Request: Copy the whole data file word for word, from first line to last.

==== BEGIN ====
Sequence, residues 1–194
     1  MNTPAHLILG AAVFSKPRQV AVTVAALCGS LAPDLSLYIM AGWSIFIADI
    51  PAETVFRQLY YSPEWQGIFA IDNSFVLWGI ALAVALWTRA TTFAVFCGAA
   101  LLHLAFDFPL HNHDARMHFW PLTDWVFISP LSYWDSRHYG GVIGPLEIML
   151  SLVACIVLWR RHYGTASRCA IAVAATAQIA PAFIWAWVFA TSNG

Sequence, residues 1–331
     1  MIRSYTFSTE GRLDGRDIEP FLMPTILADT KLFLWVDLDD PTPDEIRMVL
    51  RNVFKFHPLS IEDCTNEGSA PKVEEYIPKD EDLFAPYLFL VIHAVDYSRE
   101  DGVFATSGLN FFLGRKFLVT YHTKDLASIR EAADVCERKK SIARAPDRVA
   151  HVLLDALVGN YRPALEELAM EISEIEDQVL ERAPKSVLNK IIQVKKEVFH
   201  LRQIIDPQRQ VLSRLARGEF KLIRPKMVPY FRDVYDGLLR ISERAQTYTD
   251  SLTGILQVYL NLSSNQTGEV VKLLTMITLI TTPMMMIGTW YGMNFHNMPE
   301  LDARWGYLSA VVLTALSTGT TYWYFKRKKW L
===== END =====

Sequence, residues 1–194
     1  MNTPAHLILG AAVFSKPRQV AVTVAALCGS LAPDLSLYIM AGWSIFIADI
    51  PAETVFRQLY YSPEWQGIFA IDNSFVLWGI ALAVALWTRA TTFAVFCGAA
   101  LLHLAFDFPL HNHDARMHFW PLTDWVFISP LSYWDSRHYG GVIGPLEIML
   151  SLVACIVLWR RHYGTASRCA IAVAATAQIA PAFIWAWVFA TSNG

Sequence, residues 1–331
     1  MIRSYTFSTE GRLDGRDIEP FLMPTILADT KLFLWVDLDD PTPDEIRMVL
    51  RNVFKFHPLS IEDCTNEGSA PKVEEYIPKD EDLFAPYLFL VIHAVDYSRE
   101  DGVFATSGLN FFLGRKFLVT YHTKDLASIR EAADVCERKK SIARAPDRVA
   151  HVLLDALVGN YRPALEELAM EISEIEDQVL ERAPKSVLNK IIQVKKEVFH
   201  LRQIIDPQRQ VLSRLARGEF KLIRPKMVPY FRDVYDGLLR ISERAQTYTD
   251  SLTGILQVYL NLSSNQTGEV VKLLTMITLI TTPMMMIGTW YGMNFHNMPE
   301  LDARWGYLSA VVLTALSTGT TYWYFKRKKW L